“I don’t even have time to finish my caregiving tasks. Where do I find time to take care of myself?”
People who are caregivers often juggle a packed schedule that may include full-time work, family obligations, household chores, and volunteer commitments in addition to caregiving. Due to busy schedules, caregivers often ignore their own health and wellness, including their nutrition, medical, exercise, and socialization needs. As a result, caregivers often experience increased stress, sleep problems, and depression. These symptoms not only impact the health of the caregiver but can impact the quality of care provided to the care receiver. However, these symptoms can be relieved when you add taking care of yourself to the “to do” list.
As a caregiver, taking time for your own needs is easier said than done. What happens if you are caring full-time for someone who can’t be left alone? 24 hour care for a loved one can be stressful and draining. However, even when providing 24 hour care, it is possible to schedule time for self-care. To begin with, caregivers can try to set a regular “mini-break” while in the home. If the care receiver takes an afternoon nap caregivers can utilize this time for a relaxing bath, reading, browsing through a gardening catalogue, or to catch up with a friend by telephone. When there is so much that needs to be done caregivers are often reluctant to take this time for themselves. Many caregivers spend these free moments doing other related caregiving tasks, such as phone calls, paperwork, grocery lists, or calendaring. Caregivers who do take a “mini break” in their day are able to provide better care for the care receiver. Taking time for yourself is not selfish and recharges your energy and spirit to allow you to continue to provide care.
Another option for caregivers is to investigate their local respite options which provide a longer break from care. Respite can be provided formally through an organization or agency or informally through neighbors, family, and friends. Community organizations, home care agencies, and adult day programs can provide paid respite for a loved one for a few hours, an entire day, or even overnight. Many of these paid providers are also able to provide meals, showers, and other cares to reduce the workload of the caregiver. A longer break allows the caregiver time for social events, exercise, support groups, and other activities to enhance their mental, spiritual, and physical well-being.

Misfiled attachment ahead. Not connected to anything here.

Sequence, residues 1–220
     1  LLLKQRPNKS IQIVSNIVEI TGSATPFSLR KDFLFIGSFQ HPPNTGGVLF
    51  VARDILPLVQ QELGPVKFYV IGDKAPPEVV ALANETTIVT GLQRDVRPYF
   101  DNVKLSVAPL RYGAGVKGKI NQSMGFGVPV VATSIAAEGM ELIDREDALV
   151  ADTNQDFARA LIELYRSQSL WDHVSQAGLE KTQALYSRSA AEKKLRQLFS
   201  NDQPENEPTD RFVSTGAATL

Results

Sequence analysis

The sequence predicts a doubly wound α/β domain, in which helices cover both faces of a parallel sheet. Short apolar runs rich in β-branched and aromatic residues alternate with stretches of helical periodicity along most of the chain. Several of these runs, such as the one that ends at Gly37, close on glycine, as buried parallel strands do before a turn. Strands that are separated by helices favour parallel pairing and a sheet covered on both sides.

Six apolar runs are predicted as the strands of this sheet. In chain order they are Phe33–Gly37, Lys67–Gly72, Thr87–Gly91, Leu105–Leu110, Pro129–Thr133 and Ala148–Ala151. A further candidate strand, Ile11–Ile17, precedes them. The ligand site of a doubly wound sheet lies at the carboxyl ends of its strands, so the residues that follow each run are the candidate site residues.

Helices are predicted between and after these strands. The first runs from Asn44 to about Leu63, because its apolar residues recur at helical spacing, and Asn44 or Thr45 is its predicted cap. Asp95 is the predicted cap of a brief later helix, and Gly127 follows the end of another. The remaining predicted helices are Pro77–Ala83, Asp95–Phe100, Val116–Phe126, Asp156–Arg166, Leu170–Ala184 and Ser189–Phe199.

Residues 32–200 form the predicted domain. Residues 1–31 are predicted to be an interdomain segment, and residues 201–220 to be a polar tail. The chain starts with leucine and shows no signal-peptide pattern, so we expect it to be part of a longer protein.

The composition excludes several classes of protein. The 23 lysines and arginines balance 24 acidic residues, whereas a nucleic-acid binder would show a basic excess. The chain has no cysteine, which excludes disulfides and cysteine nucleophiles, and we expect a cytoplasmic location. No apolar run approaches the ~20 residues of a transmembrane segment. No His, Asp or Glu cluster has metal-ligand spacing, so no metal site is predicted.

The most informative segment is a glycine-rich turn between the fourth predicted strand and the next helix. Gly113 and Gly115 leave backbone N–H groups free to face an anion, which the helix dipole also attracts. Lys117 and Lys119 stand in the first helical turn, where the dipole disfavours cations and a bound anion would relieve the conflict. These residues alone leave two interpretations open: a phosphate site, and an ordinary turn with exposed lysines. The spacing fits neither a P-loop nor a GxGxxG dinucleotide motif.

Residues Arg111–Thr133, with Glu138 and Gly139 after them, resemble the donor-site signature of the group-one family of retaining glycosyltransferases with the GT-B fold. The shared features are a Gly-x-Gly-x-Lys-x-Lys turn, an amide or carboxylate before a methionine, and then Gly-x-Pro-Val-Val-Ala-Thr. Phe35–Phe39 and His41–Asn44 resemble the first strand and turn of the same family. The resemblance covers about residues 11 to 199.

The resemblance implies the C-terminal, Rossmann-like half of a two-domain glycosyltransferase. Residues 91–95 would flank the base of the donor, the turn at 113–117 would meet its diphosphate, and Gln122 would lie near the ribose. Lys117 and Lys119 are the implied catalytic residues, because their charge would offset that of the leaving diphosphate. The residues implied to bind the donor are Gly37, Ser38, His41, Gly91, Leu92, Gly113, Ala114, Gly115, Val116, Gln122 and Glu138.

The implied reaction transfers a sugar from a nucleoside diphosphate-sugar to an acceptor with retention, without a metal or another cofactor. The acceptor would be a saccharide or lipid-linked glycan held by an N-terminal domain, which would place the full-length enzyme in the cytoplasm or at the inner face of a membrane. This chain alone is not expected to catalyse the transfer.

Informal respite is a less expensive way for the caregiver to get some time away. Think about your support network and make a list of neighbors, friends, coworkers, members of a congregation or synagogue, and others that might be willing to assist with some caregiving tasks to alleviate your burden. Many caregivers do not like to ask for help. Alternately, many people who want to help have no idea what kind of help is needed. One way to address these issues and coordinate requests for help is to set up an online care team.
An online care team allows the caregiver or designated person to enter specific help that is desired onto a calendar. The caregiving tasks, including respite breaks for the caregiver, are added and people in the online care team can sign up to help. Activities can be one time, daily, or weekly and can cover a broad range of activities. Caregivers can add “Visit with mom from 4-8 pm” and use this time to take a break from caregiving. Other frequent activities might include transportation to doctor appointments, bringing dinner, grocery shopping, or organizing paperwork. Online care teams reduce the need for repeated calls from the caregiver to find help or for schedule changes. Medical or other updates can also be posted on the site by the caregiver or other online care team members. This saves time for the caregiver and keeps everyone in the online care team informed. Two frequently used online communities where you can set up your care team are www.carenextion.org and www.lotsahelpinghands.org .
Caregivers who make self-care a priority are happier, experience less stress, and are able to continue longer in providing care for their loved one. It is a win-win situation for the caregiver and care receiver.
Mary Cordell, LSW, Family Consultant, Eldercare Partners